While there are some distinct differences on the outside of the two tablets, the most significant changes are inside. The original Surface RT was outfitted with a 1.3GHz Nvidia Tegra 3 processor and 2GB of RAM. The Surface 2, on the other hand, is equipped with Nvidia's new Tegra 4 (T40) mobile processor, a 1.7GHz ARM quad-core CPU boasting 72 graphics cores. It's also paired with 2GB of RAM. The change in hardware makes the new Surface 2 noticeably faster (thanks to a higher clock speed) and it should deliver better visuals and gaming thanks to the enhanced graphics hardware. The tablets are also equipped with Wi-Fi (802.11a/b/g/n) and low-energy Bluetooth 4.0.
Both new and old Surface tablets come in 32GB or 64GB varieties. The 32GB of storage offered on either base model may not be enough for those who want to fill their tablet with music and movies – Windows RT takes up about 16GB all on its own. If you want to expand the storage capacity of the tablet, however, the Surface RT and the Surface 2 offer a microSD card slot, letting you swap multiple cards in and out, and supporting up to 64GB of extra storage.
The Surface RT is outfitted with a microHDMI and full-size USB 2.0 ports in addition to the proprietary keyboard docking connector. The Surface 2 has the same basic port selection, but upgrades to SuperSpeed USB 3.0, which will support faster external storage and devices that require higher data transfer speeds.
Equipped with a 31.5 Wh battery, the original Surface RT had a claimed battery life of 8 hours for mixed activity, which equated to 7 hours and 45 minutes in our video rundown test. Thanks to the new energy efficient hardware, Microsoft claims that the Surface 2 will provide up to 10 hours of battery life during video playback, although we’ll have to confirm that figure with our own testing when we get a review model.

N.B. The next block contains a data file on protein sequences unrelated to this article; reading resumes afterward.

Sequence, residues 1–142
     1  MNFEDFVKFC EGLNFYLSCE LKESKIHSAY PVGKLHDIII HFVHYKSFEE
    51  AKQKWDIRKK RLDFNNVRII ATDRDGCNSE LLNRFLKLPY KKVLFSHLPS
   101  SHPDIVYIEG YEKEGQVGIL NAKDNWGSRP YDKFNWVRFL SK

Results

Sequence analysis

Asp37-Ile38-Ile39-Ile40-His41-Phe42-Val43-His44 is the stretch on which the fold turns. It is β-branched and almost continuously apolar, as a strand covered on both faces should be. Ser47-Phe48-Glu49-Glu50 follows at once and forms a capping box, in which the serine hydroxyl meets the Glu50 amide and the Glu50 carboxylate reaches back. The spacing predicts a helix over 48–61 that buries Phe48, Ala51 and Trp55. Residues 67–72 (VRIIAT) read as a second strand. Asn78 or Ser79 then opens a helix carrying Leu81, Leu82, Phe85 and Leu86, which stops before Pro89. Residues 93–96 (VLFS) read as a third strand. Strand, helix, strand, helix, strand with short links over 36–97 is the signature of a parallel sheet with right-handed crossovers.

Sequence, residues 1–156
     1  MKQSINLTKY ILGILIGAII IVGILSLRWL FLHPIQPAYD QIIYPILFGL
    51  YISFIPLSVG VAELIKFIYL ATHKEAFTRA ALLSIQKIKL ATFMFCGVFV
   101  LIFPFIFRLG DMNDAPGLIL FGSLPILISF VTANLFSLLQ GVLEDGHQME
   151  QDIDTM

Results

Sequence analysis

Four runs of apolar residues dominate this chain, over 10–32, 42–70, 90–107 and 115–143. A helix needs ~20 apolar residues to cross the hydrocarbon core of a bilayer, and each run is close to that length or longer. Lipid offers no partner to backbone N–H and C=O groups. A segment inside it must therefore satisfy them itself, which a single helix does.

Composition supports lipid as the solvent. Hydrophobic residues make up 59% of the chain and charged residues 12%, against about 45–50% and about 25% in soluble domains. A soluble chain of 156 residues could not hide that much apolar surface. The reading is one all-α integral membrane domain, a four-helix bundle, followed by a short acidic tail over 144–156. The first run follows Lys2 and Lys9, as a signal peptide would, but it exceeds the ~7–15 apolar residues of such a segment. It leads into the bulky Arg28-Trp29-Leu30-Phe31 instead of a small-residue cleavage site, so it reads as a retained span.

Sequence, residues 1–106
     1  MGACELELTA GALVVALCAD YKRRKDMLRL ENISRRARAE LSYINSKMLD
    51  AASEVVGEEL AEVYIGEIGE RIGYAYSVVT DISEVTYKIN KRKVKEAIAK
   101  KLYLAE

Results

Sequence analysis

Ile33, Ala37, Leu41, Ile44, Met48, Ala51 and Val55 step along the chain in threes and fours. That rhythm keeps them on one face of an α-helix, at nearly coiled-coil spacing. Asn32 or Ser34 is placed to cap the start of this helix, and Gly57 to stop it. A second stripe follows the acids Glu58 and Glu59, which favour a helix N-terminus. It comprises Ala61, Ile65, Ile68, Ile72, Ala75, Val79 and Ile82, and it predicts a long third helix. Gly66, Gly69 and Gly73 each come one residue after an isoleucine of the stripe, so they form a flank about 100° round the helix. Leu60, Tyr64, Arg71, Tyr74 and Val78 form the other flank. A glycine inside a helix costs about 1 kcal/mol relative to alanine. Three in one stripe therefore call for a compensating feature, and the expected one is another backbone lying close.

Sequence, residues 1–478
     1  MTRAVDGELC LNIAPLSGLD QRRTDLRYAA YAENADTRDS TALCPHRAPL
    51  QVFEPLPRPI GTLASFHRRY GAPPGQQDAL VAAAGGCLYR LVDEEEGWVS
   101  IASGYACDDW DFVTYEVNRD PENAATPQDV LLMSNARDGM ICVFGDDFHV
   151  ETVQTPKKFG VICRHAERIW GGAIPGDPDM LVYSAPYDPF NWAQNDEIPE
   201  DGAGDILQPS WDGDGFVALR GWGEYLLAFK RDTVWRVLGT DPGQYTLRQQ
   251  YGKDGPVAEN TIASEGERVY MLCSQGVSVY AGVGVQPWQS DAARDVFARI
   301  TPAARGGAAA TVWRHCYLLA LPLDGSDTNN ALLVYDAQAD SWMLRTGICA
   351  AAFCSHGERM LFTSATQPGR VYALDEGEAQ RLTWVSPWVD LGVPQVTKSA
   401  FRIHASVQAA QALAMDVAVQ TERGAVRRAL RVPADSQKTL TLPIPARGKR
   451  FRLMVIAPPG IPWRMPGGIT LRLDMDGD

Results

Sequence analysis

The Surface RT and the Surface 2 come with Windows RT, a light version of Windows 8 designed for use on ARM processors. Windows RT offers a somewhat familiar Windows experience, centred on the Windows 8 Modern UI, and support for apps from the Windows Store, but it won't run legacy software from Windows 7 or Windows XP, and there's no support for current x86 programs. The new Surface 2 and the older Surface RT (starting 21 October) will be sold with the updated Windows RT 8.1, which incorporates many of the interface tweaks seen in Windows 8.1 on laptops and desktops.
Along with the new version of Windows RT, Microsoft has updated the tablet version of its popular productivity suite, Office RT 2013. The Office suite includes RT-friendly versions of Word, PowerPoint, Excel, and OneNote, and has been expanded to include Outlook. While this new and improved Office suite will be available on both models, the Surface 2 gets a couple of extra perks. Purchasers get a complimentary one year "Best of Skype" subscription, which includes international calling and free Wi-Fi through Skype-branded hotspots. The Surface 2 is also bundled with 200GB of SkyDrive cloud storage for two years. Cloud storage is increasingly a necessity on tablets, as the slim devices have limited local storage, and cloud storage also makes it easier to transfer files back and forth with a standard laptop or desktop.